Paul M

Hey Pablo, you won the race.

Maybe he’s rocking out with Garcia and the Dead. Maybe he’s sipping a cold one with the group Wilco. Or maybe he’s tossing a Frisbee and shooting some baskets in the Thomaston Middle School gym. Maybe he’s relaxing at the shore in Old Saybrook or maybe’s he’s luxuriating with a Guinness anywhere.  Then again, he might be chewing the fat about UConn or the Red Sox around the fire pit or hanging in one of his favorite haunts, Black Rock Tavern.

I don’t know what Paul McMahon is doing or where he is doing it right now. What I do know is that he’s doing it in a better place and he is doing it with his wife Mo. Theirs was a pretty cool love story the kind that reminds of you of the final scene in the movie ghost when Patrick Swayze, about to enter heaven, says to Demi Moore, “It’s amazing, the love inside, you take it with you.” She is here but she is there with him too. Now and always.

Pablo, as almost everyone knew him as, died Tuesday morning at the age of 63 after a long struggle with Alzheimer’s Disease. This is a column you never want to write. Mo lost part of her soul, the kids, Owen, Luke and Jack lost their dad, the family lost a proud, loving friend, friends lost an engaging presence and father, Gene lost one more part of his blood and you wonder how much one man should be forced to endure. There have been seven children, now there are two. Cancer, car crashes, disease, they have all tortured. Yet he still carries on at 92 finding specks of joy in a life that has battered him with sorrows.

There is an unfillable void now fueled by frustration, some anger and an overwhelming sense of unfairness. He was just 58 when this all started. It was a good run but hardly a long run. Only two-thirds of the race had been run. There were more miles to go. As much as was seen there was more to see. No matter how long the run is you want one more mile. It is never long enough, and it never will be long enough. We get it, but we are also stung with the idea that this road ended way to soon. We ache.

At the same time, we know while it is never a good time to experience permanent good-byes, this was the best time. Days filled with sleep and medication, eyes and legs barely fulfilling their purpose. Tthe road did continue but the destination changed. He went home.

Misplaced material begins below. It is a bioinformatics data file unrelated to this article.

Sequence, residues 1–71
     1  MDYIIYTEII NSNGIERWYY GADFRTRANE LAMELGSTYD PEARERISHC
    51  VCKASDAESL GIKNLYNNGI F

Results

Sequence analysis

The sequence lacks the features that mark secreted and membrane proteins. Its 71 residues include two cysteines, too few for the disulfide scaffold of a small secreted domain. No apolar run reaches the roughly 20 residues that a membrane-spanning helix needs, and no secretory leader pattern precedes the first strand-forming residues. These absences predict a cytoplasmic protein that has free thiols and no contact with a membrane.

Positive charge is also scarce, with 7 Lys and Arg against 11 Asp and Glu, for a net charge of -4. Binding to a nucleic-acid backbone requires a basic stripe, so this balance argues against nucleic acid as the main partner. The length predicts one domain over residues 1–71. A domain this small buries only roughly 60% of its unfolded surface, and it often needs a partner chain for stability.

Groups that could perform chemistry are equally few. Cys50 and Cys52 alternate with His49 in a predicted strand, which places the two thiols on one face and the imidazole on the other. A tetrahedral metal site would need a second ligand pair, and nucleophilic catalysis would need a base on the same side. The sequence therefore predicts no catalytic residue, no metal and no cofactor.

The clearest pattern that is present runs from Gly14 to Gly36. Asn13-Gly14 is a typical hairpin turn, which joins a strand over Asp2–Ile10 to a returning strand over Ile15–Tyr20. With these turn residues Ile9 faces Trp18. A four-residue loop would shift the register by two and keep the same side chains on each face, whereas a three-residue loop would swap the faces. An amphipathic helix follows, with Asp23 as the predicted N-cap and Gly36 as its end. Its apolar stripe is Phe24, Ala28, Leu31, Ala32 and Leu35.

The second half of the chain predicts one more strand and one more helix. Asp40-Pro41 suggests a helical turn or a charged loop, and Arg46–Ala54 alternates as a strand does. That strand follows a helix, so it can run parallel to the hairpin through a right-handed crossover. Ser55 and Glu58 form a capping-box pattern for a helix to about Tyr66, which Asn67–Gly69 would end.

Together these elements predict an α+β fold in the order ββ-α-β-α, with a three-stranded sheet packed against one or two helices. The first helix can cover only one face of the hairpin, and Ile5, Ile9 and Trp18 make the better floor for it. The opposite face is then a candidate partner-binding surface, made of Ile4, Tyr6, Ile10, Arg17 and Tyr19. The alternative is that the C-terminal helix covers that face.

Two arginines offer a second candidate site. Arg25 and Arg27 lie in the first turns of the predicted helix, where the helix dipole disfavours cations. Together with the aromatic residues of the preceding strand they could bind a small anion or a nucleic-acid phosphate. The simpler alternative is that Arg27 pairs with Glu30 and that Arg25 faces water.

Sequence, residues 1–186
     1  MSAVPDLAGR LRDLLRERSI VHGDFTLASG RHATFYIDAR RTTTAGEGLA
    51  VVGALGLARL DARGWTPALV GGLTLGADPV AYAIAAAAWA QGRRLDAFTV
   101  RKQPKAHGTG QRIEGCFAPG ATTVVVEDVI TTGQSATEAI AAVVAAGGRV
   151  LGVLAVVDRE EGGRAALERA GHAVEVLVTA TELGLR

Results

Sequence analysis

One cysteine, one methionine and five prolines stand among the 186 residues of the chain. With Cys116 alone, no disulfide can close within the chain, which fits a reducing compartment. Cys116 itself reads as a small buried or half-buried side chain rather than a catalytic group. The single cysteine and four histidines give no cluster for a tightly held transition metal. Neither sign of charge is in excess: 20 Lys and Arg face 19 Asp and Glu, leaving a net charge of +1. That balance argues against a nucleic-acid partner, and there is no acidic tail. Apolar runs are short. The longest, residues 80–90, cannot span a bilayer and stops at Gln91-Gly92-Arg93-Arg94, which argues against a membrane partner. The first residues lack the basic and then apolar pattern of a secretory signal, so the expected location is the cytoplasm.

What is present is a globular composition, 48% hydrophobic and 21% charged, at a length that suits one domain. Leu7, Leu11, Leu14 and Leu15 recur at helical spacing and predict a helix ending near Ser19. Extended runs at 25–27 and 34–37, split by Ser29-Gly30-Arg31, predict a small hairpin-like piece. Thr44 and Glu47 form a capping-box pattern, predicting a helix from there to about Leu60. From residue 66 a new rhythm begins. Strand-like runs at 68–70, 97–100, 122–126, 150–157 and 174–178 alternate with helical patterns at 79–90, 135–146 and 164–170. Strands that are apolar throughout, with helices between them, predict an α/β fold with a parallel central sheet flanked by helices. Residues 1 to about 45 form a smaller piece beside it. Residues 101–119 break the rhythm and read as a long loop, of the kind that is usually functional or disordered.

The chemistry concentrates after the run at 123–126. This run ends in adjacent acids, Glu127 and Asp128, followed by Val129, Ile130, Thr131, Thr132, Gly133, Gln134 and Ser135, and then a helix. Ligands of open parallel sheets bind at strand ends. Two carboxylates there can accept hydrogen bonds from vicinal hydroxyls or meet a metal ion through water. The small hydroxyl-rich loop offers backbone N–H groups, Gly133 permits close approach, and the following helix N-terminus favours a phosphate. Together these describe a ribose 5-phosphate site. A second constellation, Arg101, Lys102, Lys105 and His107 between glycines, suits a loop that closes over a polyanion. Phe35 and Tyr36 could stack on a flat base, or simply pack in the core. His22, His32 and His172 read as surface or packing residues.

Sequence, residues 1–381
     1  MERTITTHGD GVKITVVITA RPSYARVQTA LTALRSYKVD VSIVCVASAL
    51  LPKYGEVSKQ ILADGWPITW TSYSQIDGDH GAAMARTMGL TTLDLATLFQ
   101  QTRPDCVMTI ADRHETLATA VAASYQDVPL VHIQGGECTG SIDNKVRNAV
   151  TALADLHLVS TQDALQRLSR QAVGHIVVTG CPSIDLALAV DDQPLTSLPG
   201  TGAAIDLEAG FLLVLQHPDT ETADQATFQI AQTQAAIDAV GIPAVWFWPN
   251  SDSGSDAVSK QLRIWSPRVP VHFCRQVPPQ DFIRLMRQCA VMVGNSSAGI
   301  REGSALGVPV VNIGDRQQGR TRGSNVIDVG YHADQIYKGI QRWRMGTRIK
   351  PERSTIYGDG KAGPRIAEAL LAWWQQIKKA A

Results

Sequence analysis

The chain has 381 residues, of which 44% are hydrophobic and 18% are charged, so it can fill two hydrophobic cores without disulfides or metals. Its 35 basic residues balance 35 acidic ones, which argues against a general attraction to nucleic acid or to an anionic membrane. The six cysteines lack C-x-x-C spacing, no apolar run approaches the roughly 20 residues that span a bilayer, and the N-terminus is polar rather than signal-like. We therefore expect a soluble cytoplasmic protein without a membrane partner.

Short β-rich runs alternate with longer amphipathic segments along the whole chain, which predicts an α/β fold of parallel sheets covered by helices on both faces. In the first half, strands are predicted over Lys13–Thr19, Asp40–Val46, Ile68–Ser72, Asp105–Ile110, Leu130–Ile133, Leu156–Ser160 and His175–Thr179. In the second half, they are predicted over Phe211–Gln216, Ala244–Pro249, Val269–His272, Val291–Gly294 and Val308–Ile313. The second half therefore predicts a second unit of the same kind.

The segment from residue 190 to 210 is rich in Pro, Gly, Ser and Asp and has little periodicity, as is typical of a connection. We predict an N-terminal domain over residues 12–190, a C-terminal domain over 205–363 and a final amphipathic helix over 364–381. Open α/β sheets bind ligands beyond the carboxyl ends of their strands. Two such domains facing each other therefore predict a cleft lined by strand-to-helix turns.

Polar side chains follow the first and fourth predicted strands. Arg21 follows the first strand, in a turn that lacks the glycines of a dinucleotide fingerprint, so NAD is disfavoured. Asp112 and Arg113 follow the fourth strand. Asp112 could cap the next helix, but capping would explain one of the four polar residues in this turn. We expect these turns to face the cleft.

So, we immerse ourselves, relish and cling to the good run. Pablo wasn’t exactly known for his speed, but in so many ways he won this race. Winners get cheered. Pablo’s victory can be found in the endless ache and the cascade of tears. The pain only comes from a heart that has been touched. It is a testament to his impact. He was a good guy. That’s a victory and we hurt because the physical good guy is gone. We hurt because he made us care. –

As your raise  that Guinness to Pablo (make it a tall one), let the images come forth.  I saw a guy pour in 40-plus points in rec-league game. The man could shoot. I saw a guy play a solid second base for our softball team, Red’s Coffee Shop. I joked with him about his penchant for tossing the Frisbee around because he was a stud with the disc. I can’t throw it.

Pablo coached rec teams, some with my wife and was an even-handed mentor for a load of youngsters under his guidance. There was a passion for the sports world which was such a big part of his world. It was about a game, some game, but mostly it was about people. That was his real game, and he was good at it.

My wife and I have spent a lot of time sitting around fire-pits, on our front porch, at the BRT and in other venues with Pablo and Mo. Pablo’s presence was complete with much wit, a big smile and an infectious humor. He fought the disease with all of it until the waning days.  I am reminded of an endearing response he offered when the disease began to make the days difficult – “Yeah, but I’m cute, right.” It made us all smile.

Mo, Pablo and my wife started an informal Thanksgiving Day road race a decade ago called the Tur-K which has raised thousands of dollars for Thomaston social services. It has grown to 100 people and cadre of dogs and many babies.  It is a quick (for some) 2.4-mile jog around Nystrom’s Pond and a neighborhood that starts and ends in the McMahon driveway.

It is a good run for a good purpose. There will be an empty spot this year and we can’t change that. But we will raise a glass to toast Pablo. His run wasn’t nearly long enough but it was a great run. Just look at the tears. And the smiles. They speak volumes. On Thanksgiving we say thanks. For letting us run the race with you. We are sadder now, but we are better always.

Hey Pablo, let the good times roll and thanks.

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